Middletown's Bette Meci is out to prove that laughter really is the best medicine.
Bette Meci Middletown Laughter is no joke for Bette Meci of Orange County. She leads groups throughout the Hudson Valley that promote the therapeutic power of laughter to help reduce stress, improve health, and generally brighten one’s outlook on life. “The world is more challenging than ever,” says Meci. “Life has gotten so stressful that many people have literally forgotten how to laugh.”
Meci and her husband Peter, who own the AVC Hearing Aid Center in Middletown and Newburgh, are themselves no strangers to stress. She explains: “A lot of our customers are profoundly hearing-impaired. Many are on Medicaid, struggling to get by economically. Also, it’s no easy task to properly fit a hearing aid. I was getting to the point, after 32 years in the business, of coming home feeling burned out and exhausted.”
One day Meci read a magazine article about therapeutic laughter. “I thought, ‘That’s for me!’ ” she recalls. The article mentioned an international organization, the World Laughter Tour, that’s dedicated to spreading the notion that laughter can, indeed, be a powerful antidote for many ailments of modern life. The tour was founded by Ohio psychologist Steve Wilson after a trip to India, where he met physician Madan Kataria, a therapeutic laughter expert. It’s a long-established practice there, where more than 800 groups meet regularly to perform exercises based on centuries-old principles of yoga that physically induce a laughter response.
The couple decided to take a local therapeutic laughter course sponsored by the tour. “The emphasis is on becoming aware of laughter as a genuine form of exercise,” says Meci. And because laughter is universal, the Laughter Tour, which has chapters around the world, also promotes a doctrine of international peace and brotherhood.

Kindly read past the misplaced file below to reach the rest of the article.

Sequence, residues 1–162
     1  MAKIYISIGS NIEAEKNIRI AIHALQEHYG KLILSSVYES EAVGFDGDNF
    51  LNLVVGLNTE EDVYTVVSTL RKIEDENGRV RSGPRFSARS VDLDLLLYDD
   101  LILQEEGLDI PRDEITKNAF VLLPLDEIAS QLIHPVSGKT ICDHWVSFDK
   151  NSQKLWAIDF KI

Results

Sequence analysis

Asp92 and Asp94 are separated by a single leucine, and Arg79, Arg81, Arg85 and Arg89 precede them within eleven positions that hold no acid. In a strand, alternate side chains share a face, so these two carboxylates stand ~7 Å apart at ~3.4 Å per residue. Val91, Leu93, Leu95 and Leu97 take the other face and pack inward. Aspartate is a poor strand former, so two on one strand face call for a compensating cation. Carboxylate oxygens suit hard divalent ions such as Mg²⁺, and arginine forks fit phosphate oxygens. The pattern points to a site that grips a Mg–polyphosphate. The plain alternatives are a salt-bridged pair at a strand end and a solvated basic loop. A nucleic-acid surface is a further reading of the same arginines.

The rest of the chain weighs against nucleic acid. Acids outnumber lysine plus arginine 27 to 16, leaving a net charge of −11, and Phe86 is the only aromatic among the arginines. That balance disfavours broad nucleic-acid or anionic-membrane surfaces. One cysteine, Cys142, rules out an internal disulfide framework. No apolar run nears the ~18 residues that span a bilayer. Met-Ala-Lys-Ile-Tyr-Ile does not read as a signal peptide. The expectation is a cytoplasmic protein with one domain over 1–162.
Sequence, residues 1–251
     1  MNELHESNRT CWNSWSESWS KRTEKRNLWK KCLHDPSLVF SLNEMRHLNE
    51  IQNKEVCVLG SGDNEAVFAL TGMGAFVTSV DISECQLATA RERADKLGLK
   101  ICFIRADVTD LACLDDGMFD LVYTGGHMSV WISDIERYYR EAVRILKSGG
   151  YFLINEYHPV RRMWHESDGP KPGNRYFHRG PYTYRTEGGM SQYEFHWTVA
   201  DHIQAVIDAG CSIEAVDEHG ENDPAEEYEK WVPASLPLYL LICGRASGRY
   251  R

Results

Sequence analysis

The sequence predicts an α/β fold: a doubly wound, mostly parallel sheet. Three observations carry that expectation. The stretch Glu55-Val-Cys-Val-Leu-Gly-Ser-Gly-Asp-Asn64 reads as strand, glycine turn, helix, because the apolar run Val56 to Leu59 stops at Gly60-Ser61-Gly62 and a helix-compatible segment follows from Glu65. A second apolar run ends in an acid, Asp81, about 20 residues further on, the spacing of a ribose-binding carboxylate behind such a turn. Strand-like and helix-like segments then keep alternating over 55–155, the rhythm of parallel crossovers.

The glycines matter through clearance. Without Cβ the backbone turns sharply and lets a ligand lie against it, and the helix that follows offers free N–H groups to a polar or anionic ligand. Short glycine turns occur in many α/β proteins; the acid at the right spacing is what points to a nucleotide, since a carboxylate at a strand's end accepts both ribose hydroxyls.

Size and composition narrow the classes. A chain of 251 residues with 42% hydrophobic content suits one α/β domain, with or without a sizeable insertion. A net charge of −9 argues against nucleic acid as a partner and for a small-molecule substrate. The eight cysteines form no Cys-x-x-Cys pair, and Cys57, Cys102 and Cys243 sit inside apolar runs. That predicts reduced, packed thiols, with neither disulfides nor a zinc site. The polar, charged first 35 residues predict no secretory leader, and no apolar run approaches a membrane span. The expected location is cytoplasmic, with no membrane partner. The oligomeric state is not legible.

After completing the course, Meci became a Certified Laughter Leader, heading workshops that teach folks how to guffaw with glee. When she offers her Hudson Valley sessions, which include anywhere from 20 to 70 participants in venues ranging from nursing homes to Kiwanis Clubs, some folks first assume Meci’s there to entertain them with wisecracks and one-liners.
“I explain that therapeutic laughter isn’t about telling jokes. Jokes are subjective. What one person finds funny another might find offensive. But laughter is universal. I tell people I’m not here to make them laugh. I’m here to give them permission to laugh. And it’s actually laughter for the body as well as the mind.”
Group sessions last about an hour, involving deep-breathing techniques and gentle movements that produce physiological changes. This helps improve blood supply, boost the immune system, and strengthen the heart, lungs, and other organs. “Some exercises create belly laughs, while one of the sequences involves a ‘ha-ha, tee-hee, hee-hee’ series,” says Meci. “We even practice silent laughter.”
Meci’s group, the Sunshine and Joy Laughter Club, also includes informal discussions to help people open up emotionally. “You’d be amazed how many people start out by saying there’s nothing funny in their lives; nothing they can laugh about. And some people don’t even say it but you can see it in their faces. We help them become more aware of emotions — like anger, fear, guilt, or jealousy — that they can learn to release through laughter. It’s all done in a lighthearted manner. It’s not about giving psychological advice.”
Meci’s and other Laughter Tour groups seem to have reconnected to something that’s sorely needed now. A recent study points out that back in the 1950s, the average person laughed about 18 minutes a day. Now the daily merriment quota is a mere six minutes.
“The good thing is you don’t even need a sense of humor to take part in a Laughter Club,” says Meci. “Even a sourpuss is welcome. You just have to be willing to try. The results can be remarkable — and I’m not joking!” — Rita Ross